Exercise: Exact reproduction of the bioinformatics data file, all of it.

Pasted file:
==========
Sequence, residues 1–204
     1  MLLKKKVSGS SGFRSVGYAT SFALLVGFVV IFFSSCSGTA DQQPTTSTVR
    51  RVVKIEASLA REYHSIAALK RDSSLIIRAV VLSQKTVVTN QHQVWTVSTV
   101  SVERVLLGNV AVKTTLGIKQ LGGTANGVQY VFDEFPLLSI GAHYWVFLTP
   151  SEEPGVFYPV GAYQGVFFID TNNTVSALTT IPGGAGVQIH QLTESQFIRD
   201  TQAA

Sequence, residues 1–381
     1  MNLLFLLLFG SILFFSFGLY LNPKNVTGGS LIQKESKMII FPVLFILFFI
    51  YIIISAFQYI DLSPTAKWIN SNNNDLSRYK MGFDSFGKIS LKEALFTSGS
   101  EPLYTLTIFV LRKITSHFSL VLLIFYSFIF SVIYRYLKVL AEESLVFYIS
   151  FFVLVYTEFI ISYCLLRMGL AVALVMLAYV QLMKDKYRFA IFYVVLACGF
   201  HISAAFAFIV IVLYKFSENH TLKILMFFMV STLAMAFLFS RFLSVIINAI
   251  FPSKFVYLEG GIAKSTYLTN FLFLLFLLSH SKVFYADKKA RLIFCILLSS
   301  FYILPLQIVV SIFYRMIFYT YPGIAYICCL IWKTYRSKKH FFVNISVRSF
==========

Sequence, residues 1–204
     1  MLLKKKVSGS SGFRSVGYAT SFALLVGFVV IFFSSCSGTA DQQPTTSTVR
    51  RVVKIEASLA REYHSIAALK RDSSLIIRAV VLSQKTVVTN QHQVWTVSTV
   101  SVERVLLGNV AVKTTLGIKQ LGGTANGVQY VFDEFPLLSI GAHYWVFLTP
   151  SEEPGVFYPV GAYQGVFFID TNNTVSALTT IPGGAGVQIH QLTESQFIRD
   201  TQAA

Sequence, residues 1–381
     1  MNLLFLLLFG SILFFSFGLY LNPKNVTGGS LIQKESKMII FPVLFILFFI
    51  YIIISAFQYI DLSPTAKWIN SNNNDLSRYK MGFDSFGKIS LKEALFTSGS
   101  EPLYTLTIFV LRKITSHFSL VLLIFYSFIF SVIYRYLKVL AEESLVFYIS
   151  FFVLVYTEFI ISYCLLRMGL AVALVMLAYV QLMKDKYRFA IFYVVLACGF
   201  HISAAFAFIV IVLYKFSENH TLKILMFFMV STLAMAFLFS RFLSVIINAI
   251  FPSKFVYLEG GIAKSTYLTN FLFLLFLLSH SKVFYADKKA RLIFCILLSS
   301  FYILPLQIVV SIFYRMIFYT YPGIAYICCL IWKTYRSKKH FFVNISVRSF